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The best things in life aren’t things

Posted on: December 09, 2016 | Author: Cory Boddy, CFA, CFP, Director and Investment Counselor, ATB Investment Management Inc.

At the risk of sounding like a snake oil salesman, or having this article dismissed with diet fads and self-help guides, I would like to share the secret(s) to happiness. Before I solve one of life’s great mysteries, let’s begin with why this topic deserves our attention.

We aren't as happy as we should be

In 2008, an ambitious study performed by Boston College had very wealthy people–those with fortunes in excess of $25 million–speak candidly about their lives and how happy they were. The results gave us a surprising understanding that wealthy individuals worry almost as much about money as poor people do.

Wealthy people tend to experience a unique set of challenges that detract from their overall level of happiness, including a sense of isolation and a fear for their children’s safety and well-being1. It seems that when one challenge disappears (how do I put food on the table?) another one emerges (what colour should I paint my panic room?). Money is unable to patch over all the holes that lead to unhappiness.

Can money buy happiness?

Earlier in my career, I felt that “making it big” meant finally being able to afford a new car a few steps up from my Honda Civic. While I now drive a Toyota Highlander, for about six years I was the proud owner of an Audi A4 Avant. My colleagues would tease me that it was an overpriced station wagon, but to me it was a luxury sports car (with ample room for two car seats, I might add). I loved everything about it.

I remember taking it to work for the first time: walking up to the LED headlights that looked like they were winking, then sitting behind the beautifully crafted console of shimmering digital lights and pulling it into drive. The whole experience put a smile on my face, and for many weeks the daily commute to and from work was a highlight of my day. As the weeks turned into months, however, the happiness created by my new car slowly eroded away. The commute was just a commute, and the car was just a car.

What I experienced is what psychologists refer to as “hedonic adaptation”, a phenomenon in which no matter how good something makes us feel (or, for that matter, how bad), over time our emotional state drifts back to where we started.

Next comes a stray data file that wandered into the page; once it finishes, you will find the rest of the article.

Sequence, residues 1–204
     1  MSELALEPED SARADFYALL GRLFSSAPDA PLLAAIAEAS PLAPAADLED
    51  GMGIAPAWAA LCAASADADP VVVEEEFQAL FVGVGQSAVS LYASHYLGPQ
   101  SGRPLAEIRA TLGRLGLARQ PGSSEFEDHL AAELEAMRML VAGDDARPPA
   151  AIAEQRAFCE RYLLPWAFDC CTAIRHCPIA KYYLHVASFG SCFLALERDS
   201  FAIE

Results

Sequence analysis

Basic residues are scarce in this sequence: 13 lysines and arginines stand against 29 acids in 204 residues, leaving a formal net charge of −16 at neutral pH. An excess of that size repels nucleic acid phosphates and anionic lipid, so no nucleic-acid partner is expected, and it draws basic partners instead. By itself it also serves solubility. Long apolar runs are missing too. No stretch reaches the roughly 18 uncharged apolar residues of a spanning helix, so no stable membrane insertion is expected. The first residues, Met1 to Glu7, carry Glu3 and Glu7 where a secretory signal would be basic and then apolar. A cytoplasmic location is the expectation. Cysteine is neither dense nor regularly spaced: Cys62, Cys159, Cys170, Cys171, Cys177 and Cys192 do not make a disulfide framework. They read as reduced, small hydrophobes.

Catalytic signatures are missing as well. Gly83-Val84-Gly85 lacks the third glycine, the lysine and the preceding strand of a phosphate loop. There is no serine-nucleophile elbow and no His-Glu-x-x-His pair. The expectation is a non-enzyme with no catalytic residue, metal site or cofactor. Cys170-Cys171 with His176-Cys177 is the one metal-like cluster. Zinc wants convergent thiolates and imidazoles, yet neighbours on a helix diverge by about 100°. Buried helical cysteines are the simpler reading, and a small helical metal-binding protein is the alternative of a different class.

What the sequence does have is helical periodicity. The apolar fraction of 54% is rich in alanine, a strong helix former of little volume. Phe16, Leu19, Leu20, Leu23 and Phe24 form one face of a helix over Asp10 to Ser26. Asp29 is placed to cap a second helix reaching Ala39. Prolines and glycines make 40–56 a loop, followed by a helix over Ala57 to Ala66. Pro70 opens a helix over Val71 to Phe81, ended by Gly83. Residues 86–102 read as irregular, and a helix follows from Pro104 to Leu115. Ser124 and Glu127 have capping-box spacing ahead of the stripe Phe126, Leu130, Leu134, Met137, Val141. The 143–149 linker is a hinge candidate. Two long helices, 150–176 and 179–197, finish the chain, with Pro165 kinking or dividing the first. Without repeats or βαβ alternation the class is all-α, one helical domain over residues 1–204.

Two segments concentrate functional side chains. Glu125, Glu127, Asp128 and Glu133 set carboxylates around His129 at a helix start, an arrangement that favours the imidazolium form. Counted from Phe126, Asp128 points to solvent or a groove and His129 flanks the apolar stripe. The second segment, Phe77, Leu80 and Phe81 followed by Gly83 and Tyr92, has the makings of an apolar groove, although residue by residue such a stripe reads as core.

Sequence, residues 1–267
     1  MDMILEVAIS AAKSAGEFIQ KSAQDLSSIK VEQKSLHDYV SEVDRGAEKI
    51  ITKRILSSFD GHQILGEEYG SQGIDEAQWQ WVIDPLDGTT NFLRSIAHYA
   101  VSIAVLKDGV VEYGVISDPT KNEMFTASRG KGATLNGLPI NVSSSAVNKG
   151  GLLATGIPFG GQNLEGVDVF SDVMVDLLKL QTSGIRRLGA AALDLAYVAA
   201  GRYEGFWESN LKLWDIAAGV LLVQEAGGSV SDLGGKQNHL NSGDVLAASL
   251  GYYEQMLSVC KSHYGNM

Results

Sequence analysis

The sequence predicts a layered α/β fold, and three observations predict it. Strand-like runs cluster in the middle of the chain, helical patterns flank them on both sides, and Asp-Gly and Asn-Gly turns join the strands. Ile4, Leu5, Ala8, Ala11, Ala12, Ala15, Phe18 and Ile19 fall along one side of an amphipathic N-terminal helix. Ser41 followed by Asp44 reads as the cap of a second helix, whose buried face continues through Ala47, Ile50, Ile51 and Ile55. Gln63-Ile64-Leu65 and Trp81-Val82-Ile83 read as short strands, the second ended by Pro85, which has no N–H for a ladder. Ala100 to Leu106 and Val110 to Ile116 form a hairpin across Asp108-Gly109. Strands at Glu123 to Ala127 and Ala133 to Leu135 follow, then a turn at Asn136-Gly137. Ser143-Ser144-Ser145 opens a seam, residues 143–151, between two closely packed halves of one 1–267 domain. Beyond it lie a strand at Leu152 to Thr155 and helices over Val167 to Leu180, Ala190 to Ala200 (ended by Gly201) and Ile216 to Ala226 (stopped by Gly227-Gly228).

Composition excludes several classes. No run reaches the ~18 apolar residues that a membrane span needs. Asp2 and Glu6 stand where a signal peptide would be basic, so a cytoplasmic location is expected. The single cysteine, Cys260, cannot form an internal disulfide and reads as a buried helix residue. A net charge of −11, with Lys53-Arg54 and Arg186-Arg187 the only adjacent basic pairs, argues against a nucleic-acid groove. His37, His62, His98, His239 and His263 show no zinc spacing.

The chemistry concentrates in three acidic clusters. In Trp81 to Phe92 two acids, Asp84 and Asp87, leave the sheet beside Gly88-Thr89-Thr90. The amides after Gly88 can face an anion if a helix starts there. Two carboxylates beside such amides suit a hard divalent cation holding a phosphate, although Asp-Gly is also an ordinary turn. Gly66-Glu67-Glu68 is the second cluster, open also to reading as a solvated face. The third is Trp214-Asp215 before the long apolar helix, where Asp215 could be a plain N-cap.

You would expect that many things in life should lead to a permanent improvement in our well-being, yet research shows that this drift back towards emotional status quo happens regularly after significant life-changing events—marriage, job promotions, moving to a warmer climate, winning the lottery. Why this regression occurs likely comes down to two factors.

First, once you get used to the new car, new job or new climate, you tend to notice it less and less. The positive feelings we initially experience are replaced with the day-to-day mundane such as, why is the traffic going into work so incredibly slow?

Second, because we continuously shift our standards upward, once we’ve reached these new levels they are no longer high enough. Losing weight to fit into a smaller pair of jeans feels good until you realize that there is yet another pair of jeans smaller than the ones you just purchased. Nobel-prize winning economist, Daniel Kahneman, refers to this as the satisfaction treadmill. In many ways, it isn’t the level we get to but the rate of change. This will be easy to see in the following illustration.

Mary and Joe both have $4 million. Are they equally happy? If I told you that last year Mary had $10 million and Joe had $1 million, would that matter? We’ve got to keep running on the satisfaction treadmill to feel satisfied. So, to answer the question posed earlier—no, money cannot buy happiness, at least not the permanent kind.

If we can't buy happiness, where do we get it from?

At the core of happiness are the relationships we develop with other people. Lasting happiness comes from successful personal relationships, helping others and spending quality time with friends and family.

Many of my clients tell me they get more out of giving than the actual gift itself. In my own small way, I know this to be true. There is more happiness gained from experiences than through possessions. Vacations are better than a new car (especially an over-priced luxury station wagon), and a fun evening out with good friends will likely fill you up more and for longer than say, a new pair of shoes.

Good health matters a lot too, but surprisingly, healthy individuals imagine that many illnesses would be “worse than death” and yet for people who have those illnesses, they are no less happy and, in many instances, are experiencing a renewed zest for life, saying they “wouldn’t change a thing”.

Fulfillment in life requires continuous energy, and like the relationships in our lives, it shouldn’t be taken for granted.

Future withdrawals from your portfolio...if required

My colleagues and I remind our clients that their investment portfolios are there to serve a purpose. And while part of me might be thinking, “keep your money with us and let it grow”, a bigger part of me is excited to see how my clients will use their resources in their pursuit of happiness and a life worth living. As you do this, just remember that the best things in life aren’t things.


1 Boston College. (2007, November). Boston College launches first national survey to focus on joys and dilemmas of ultra-wealthy [Press release].

This article was first published in Navigate, an ATB Investor Services publication that provides valuable insights for wealthy and institutional investors. To read the full issue, click here.

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